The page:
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The work described here aims at improving the performance of three building blocks of visual surveillance systems: foreground detection, object tracking and event detection.

First, a new background subtraction algorithm is presented for foreground detection. The background model is built with a set of codewords for every pixel. The codeword contains the pixel's principle color and a tangent vector that represents the color variation at that pixel. As the scene illumination changes, a pixel's color is predicted using a linear model of the codeword and the codeword, in turn, is updated using the new observation. We carried out a number of experiments on sequences that have extensive lighting change and compare with previously developed algorithms.

Second, we describe a multi-resolution tracking framework developed with efficiency and robustness in mind. Efficiency is achieved by processing low resolution data whenever possible. Robustness results from multiple level coarse-to-fine searching in the tracking state space. We combine sequential filtering both in time and resolution levels int a probabilistic framework. A color blob tracker is implemented and the tracking results are evaluated in a number of experiments.

Third, we present a tracking algorithm based on motion analysis of regional affine invariant image features. The tracked object is represented with a probabilistic occupancy map. Using this map as support, regional features are detected and matched across frames. The motion of pixels is then established based on the feature motion. The object occupancy map is in turn updated according to the pixel motion consistency. We describe experiments to measure the sensitivity of our approach to inaccuracy in initialization, and compare it with other approaches.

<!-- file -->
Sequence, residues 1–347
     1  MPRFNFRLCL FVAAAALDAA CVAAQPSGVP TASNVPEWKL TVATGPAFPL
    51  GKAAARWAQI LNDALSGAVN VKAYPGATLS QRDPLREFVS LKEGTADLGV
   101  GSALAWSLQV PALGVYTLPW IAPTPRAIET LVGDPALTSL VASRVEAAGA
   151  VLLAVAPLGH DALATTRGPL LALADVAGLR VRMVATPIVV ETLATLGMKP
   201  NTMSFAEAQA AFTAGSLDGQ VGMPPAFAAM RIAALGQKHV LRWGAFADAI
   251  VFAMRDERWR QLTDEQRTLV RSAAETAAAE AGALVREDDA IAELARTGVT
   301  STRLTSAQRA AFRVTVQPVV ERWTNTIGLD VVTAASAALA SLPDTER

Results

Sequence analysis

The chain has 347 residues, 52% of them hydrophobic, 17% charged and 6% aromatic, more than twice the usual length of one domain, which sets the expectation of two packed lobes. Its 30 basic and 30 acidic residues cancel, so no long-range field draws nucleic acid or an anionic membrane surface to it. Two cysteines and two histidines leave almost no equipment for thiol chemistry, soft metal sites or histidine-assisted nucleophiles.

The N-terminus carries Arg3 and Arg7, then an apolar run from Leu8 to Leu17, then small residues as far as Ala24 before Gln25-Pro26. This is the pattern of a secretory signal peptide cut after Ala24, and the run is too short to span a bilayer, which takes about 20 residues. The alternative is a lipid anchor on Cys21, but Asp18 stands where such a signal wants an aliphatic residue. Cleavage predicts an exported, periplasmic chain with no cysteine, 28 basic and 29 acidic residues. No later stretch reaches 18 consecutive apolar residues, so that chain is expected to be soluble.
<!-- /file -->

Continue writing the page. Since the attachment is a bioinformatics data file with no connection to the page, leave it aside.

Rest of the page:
Fourth, we address the problem of visual event recognition in surveillance where noise and missing observations are serious problems. Common sense domain knowledge is exploited to overcome them. The knowledge is represented as first-

order logic production rules with associated weights to indicate their confidence. These rules are used in combination with a relaxed deduction algorithm to construct a network of grounded atoms, the Markov Logic Network. The network is used to perform probabilistic inference for input queries about events of interest. The system's performance is demonstrated on a number of videos from a parking lot domain that contains complex interactions of people and vehicles.